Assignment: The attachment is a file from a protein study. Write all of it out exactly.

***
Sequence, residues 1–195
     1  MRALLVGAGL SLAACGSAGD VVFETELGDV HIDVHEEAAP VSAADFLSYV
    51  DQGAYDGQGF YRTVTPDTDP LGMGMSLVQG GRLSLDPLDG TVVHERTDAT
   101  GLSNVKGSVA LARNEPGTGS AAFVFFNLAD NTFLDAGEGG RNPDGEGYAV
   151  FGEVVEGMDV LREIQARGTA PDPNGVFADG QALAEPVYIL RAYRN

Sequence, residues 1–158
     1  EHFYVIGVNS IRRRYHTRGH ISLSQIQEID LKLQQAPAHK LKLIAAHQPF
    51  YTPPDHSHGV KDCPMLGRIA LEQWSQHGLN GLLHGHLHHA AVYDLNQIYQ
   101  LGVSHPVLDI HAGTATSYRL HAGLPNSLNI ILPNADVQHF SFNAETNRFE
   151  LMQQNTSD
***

Sequence, residues 1–195
     1  MRALLVGAGL SLAACGSAGD VVFETELGDV HIDVHEEAAP VSAADFLSYV
    51  DQGAYDGQGF YRTVTPDTDP LGMGMSLVQG GRLSLDPLDG TVVHERTDAT
   101  GLSNVKGSVA LARNEPGTGS AAFVFFNLAD NTFLDAGEGG RNPDGEGYAV
   151  FGEVVEGMDV LREIQARGTA PDPNGVFADG QALAEPVYIL RAYRN

Sequence, residues 1–158
     1  EHFYVIGVNS IRRRYHTRGH ISLSQIQEID LKLQQAPAHK LKLIAAHQPF
    51  YTPPDHSHGV KDCPMLGRIA LEQWSQHGLN GLLHGHLHHA AVYDLNQIYQ
   101  LGVSHPVLDI HAGTATSYRL HAGLPNSLNI ILPNADVQHF SFNAETNRFE
   151  LMQQNTSD